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On a daily basis everyone worldwide carries out some activity that involves manual handling. From the moment we get up in the morning we are lifting, carrying and moving loads to some degree. On our way to work we are moving loads, such as lifting our briefcase into the car. By the time we have got to work we have done many different forms of manual handling from lifting, lowering, pushing, pulling and carrying loads and objects of various sizes and weight. These loads will likely be light and all part of our daily routine, but they are still a form of manual handling. At work, depending on the nature of the role, manual handling activities may increase. One example is a healthcare worker in a care home who has to support elderly residents who have limited ability. The healthcare worker may need to provide care such as helping an elderly resident to maintain personal hygiene. Manual handling activity in this example has increased considerably and the healthcare professional is at increased risk of a manual handling injury. This is evident in the health and safety statistics for 2013/14 which found that the Health and Social Care sector had the highest number of reported handling injuries which totalled 3,770. (Handling injuries in Great Britain, 2014)
What is manual handling?
Manual handling is the handling of loads - including people - by human effort. Manual handling in the workplace includes a wide variety of activities, such as lifting, lowering, pushing, pulling and carrying. The effort may be applied directly or indirectly, such as hauling on a rope or pulling on a lever. Introducing mechanical assistance - for example, a powered hoist - may reduce, but not eliminate, manual handling since human effort is still required to move, steady or position the load.
Manual handling related injuries can occur in almost any workplace, particularly where there is heavy manual labour, working in awkward positions or repetitive movements of the arms, legs and back. These injuries can have serious implications for the person who is injured and for the employer.
Manual handling injuries
Manual handling injuries can affect different parts of the body. They are not just limited to injuries of the back which can be the main common association. The areas of the body affected by manual handling are the upper limbs, the back and lower limbs (the affliction is known collectively as Musculoskeletal Disorders (MSDs)). Manual handling injuries can include muscle sprains, strains, trapped fingers, tears, cuts from sharp objects, pinched nerves or blood vessels, bone splintering, inflammation and degeneration.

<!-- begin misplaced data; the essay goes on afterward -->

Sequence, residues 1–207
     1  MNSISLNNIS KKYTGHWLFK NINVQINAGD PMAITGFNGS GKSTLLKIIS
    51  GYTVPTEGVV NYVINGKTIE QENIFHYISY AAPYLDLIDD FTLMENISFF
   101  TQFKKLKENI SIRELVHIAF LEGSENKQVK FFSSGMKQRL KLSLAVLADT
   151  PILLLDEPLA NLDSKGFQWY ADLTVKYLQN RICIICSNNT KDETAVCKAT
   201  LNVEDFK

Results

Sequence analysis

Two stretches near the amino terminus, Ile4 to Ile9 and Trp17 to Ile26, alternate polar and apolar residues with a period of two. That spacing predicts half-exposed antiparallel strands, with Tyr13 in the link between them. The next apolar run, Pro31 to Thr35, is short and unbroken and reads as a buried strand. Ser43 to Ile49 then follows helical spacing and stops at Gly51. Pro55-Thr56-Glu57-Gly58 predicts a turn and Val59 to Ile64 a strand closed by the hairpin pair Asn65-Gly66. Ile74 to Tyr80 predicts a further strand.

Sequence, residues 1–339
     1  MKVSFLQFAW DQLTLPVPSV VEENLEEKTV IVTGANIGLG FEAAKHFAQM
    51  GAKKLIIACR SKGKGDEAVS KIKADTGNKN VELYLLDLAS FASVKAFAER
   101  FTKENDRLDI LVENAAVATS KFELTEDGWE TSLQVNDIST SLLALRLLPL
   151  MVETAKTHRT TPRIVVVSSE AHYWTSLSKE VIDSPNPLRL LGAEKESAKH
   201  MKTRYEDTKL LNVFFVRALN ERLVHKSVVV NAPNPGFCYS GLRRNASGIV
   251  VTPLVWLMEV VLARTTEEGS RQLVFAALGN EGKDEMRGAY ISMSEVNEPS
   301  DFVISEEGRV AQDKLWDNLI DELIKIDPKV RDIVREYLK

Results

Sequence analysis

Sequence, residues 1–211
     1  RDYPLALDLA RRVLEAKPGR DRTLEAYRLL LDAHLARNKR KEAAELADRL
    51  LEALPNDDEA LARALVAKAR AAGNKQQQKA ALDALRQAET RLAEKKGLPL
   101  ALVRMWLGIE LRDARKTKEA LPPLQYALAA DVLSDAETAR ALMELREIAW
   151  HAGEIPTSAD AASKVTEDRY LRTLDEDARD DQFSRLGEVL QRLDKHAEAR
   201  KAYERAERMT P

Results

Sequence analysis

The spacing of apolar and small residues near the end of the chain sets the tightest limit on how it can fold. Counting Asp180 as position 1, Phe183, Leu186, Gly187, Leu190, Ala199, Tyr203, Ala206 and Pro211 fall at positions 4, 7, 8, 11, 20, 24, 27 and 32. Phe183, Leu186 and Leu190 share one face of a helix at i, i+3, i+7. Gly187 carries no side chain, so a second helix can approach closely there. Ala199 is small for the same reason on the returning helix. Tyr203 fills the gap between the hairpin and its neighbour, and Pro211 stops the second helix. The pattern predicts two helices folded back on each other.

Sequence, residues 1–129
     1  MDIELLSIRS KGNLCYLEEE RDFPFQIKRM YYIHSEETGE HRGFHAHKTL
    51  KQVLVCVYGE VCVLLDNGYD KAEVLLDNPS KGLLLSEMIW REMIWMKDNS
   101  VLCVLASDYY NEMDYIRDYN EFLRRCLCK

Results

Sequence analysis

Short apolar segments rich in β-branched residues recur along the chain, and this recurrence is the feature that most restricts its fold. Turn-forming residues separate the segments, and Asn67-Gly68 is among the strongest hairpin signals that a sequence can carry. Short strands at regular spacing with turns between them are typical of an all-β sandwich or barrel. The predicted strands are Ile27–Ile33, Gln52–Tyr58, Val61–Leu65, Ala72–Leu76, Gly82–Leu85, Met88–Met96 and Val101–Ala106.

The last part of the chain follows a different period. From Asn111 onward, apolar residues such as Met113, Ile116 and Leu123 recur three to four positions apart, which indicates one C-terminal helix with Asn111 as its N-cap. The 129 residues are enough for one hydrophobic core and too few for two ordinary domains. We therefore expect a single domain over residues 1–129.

The UK Health and Safety Statistics Annual Report for Great Britain 2013/14 recorded that there were 17,085 over-seven-day reported handling injuries. There were also 1,490 major/specified reported handling injuries to both employees and the self-employed, and 44 enforcement notices with requirements quoting the Manual Handling Operations Regulations.
The high level of reported handling injuries results in staff being absent from work and a direct impact on the business. There were an estimated 9010,000 working days lost due to handling injuries with an average of 6.6 days lost for each handling injury. The effect on the worker is time off work, pain and, in some cases, loss of income. In extreme cases, people are unable to continue to work which leads to financial hardship. The business will also need to replace the workers which, even temporarily, will lead to higher costs.
The Manual Handling Operations Regulations 1992 require the employer to reduce the risks of injury from manual handling so far as is reasonably practicable. The first step is to eliminate the need to carry out the manual handling activities if possible. The Manual Handling Operations Regulations 1992 state:
4 (1) Each employer shall –
(a) so far as is reasonably practicable, avoid the need for his employees to undertake any manual handling operations at work which involve a risk of their being injured.
Where it is not possible to eliminate manual handling, the next step is to carry out a risk assessment on manual handling tasks that pose a significant risk. The Manual Handling Operations Regulations 1992 state:
4(1) Each employer shall –
(b) where it is not reasonably practicable to avoid the need for his employees to undertake any manual handling operations at work which involve a risk of their being injured –
(i) make a suitable and sufficient assessment of all such manual handling operations to be undertaken by them…
In my next article I will cover the manual handling risk assessment and the four main areas that need to be considered and assessed – task, individual, load and environment.
QCS have manual handling guidance and policies to support your service in meeting the requirements of the Manual Handling Operations Regulations 1992.
Further information of the Manual Handling Operations Regulations 1992 can be found on at:
Sally Beck RGN, BSc (Hons), MSc, CMIOSH – QCS Expert Health and Safety Contributor